Most importantly, participate in self-care by doing (safe) things that make you feel alive. It may be walking in nature, horse riding, motorcycle riding, reading, cooking, giving, singing, taxidermy or anything you can think of. It’s important to make time for yourself on this journey, and pursue what refreshes and restores you (and yes, sometimes that looks like pedicure and cake!)
Self-care is about holistic healing, and ensuring your whole self is being nurtured.
When you simply restrict a behaviour, it can be effective for a season. ‘White-knuckling’ will never be enough to heal you though. It is important to delve beneath the surface and find the deeper issue fuelling the behaviour. Pornography or sexual acting out is a symptom of an intimacy disorder. It is medication for a hurting heart. Some women have obvious wounds in their past, while others may come from a fairly stable background. In most cases however, the sexual behaviour is masking some kind of pain or discomfort. With the help of recovery material or a counsellor, explore your heart and find the pain you are medicating.
5. Pray and connect with God
Pray over the year and don’t stop. Make time to listen for God’s voice, too. Ask Him for clarity and wisdom, and wait on it. If you’re feeling distant from God, do your best to connect with him however you can right now. Simply listen to healing music if it’s all you can muster. Otherwise, it may be an ideal time start reconnecting with your Church community, or carving out some space to interact with the Bible. These are rather ‘traditional’ suggestions for engaging with God. They’re a great start, but remember each individual’s relationship with God looks different, and the way they connect with him is unique. It’s okay if your relationship with him looks like doubts and questions at the moment, just don’t forget he’s there for you, in all seasons.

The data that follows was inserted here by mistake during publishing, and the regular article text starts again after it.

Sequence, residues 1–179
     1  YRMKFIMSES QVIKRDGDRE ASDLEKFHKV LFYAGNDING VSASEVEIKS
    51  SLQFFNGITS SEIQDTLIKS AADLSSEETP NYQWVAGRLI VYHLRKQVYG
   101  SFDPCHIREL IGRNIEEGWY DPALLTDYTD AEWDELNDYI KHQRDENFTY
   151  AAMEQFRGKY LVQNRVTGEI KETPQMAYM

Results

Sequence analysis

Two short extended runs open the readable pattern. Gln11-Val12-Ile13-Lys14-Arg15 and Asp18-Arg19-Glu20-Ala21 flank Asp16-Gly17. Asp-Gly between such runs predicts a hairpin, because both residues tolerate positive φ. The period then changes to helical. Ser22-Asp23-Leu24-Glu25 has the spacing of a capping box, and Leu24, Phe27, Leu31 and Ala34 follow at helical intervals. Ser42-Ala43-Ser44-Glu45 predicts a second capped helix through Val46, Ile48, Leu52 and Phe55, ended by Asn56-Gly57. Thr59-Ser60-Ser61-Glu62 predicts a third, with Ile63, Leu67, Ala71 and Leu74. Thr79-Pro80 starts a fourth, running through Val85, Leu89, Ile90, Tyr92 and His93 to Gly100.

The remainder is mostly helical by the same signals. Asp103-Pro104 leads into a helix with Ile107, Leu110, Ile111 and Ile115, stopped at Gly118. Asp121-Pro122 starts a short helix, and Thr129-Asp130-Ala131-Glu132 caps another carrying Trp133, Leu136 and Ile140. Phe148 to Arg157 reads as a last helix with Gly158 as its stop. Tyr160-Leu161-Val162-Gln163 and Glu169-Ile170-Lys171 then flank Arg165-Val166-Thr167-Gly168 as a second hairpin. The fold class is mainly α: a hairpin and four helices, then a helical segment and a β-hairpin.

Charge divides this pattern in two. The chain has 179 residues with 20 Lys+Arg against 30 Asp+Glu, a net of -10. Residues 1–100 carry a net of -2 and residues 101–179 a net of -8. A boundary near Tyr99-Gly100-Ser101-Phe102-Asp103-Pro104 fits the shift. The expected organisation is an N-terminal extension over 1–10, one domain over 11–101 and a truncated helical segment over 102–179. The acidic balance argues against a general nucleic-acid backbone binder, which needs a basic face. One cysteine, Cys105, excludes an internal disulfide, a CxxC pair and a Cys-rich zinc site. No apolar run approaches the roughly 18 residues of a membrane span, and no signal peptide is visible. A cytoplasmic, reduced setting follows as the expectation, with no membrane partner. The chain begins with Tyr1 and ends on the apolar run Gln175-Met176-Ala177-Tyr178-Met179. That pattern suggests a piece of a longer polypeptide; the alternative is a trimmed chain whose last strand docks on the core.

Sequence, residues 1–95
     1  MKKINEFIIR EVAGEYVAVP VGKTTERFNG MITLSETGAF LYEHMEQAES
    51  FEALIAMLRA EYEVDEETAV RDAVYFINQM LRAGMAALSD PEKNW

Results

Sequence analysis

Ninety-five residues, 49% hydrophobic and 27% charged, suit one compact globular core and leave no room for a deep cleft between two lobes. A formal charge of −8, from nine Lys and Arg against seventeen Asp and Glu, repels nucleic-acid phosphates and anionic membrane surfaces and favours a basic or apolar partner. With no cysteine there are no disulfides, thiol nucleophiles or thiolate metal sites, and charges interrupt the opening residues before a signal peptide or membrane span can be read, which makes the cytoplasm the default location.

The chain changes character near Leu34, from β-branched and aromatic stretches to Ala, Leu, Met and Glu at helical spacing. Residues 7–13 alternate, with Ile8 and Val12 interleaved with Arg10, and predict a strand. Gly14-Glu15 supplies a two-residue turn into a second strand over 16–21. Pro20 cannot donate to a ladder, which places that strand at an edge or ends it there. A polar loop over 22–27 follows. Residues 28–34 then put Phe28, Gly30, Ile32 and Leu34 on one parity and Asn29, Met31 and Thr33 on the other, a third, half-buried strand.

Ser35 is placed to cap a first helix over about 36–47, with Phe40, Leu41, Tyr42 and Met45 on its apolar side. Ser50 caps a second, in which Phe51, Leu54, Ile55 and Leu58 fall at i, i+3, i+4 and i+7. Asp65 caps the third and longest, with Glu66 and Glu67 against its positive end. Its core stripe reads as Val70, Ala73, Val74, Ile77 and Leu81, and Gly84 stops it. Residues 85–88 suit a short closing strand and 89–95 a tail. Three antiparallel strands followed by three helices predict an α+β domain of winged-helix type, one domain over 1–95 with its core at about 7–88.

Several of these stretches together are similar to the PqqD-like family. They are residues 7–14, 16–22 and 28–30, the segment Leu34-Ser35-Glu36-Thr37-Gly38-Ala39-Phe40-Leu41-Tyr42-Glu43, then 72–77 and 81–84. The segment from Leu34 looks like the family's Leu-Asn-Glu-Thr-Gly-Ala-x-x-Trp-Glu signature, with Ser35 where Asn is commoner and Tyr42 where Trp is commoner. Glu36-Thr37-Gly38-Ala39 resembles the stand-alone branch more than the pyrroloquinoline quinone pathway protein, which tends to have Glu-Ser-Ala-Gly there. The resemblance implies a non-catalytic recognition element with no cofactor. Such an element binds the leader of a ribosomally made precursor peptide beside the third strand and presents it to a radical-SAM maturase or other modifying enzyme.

Not only do you want a dedicated accountability partner or group, but gather a ‘support team’ of friends and mentors who know and love you. These are people who you can spend time with, and be encouraged not only in the one area of lust, but as a whole person. You need friends to build you up and engage with your interests, quirk and dreams, stuff that isn’t tied up in addiction. Pursue healthy friendships with all genders, and balance the hard work of recovery with some real fun and adventure!
When you’re going into battle against a beast, knowledge is power. Learn it’s weak spots, strengths and tactics. Pornography is a powerful opponent but you can gain the upper hand by studying how it works. Learn how it impacts the brain, heart and world. You can over power it by understanding the addiction cycle and where it will try to hit you. Developing your knowledge on pornography and addiction increases your self-awareness, giving you the ability to see through it’s lies.
This is your Ultimate Guide to starting the New Year well and making this the best year yet. Use it to identify which areas you need to improve in, or begin pursuing. Return to tool number one, create a vision board with the information you now possess, and give it your best.
Remember, recovery is a marathon, not a sprint. You’re in this for the long haul and you have to be sustainable. Don’t let any setbacks during the year trip you up and doom the remaining months to relapse. Get right back up, and continue your recovery journey.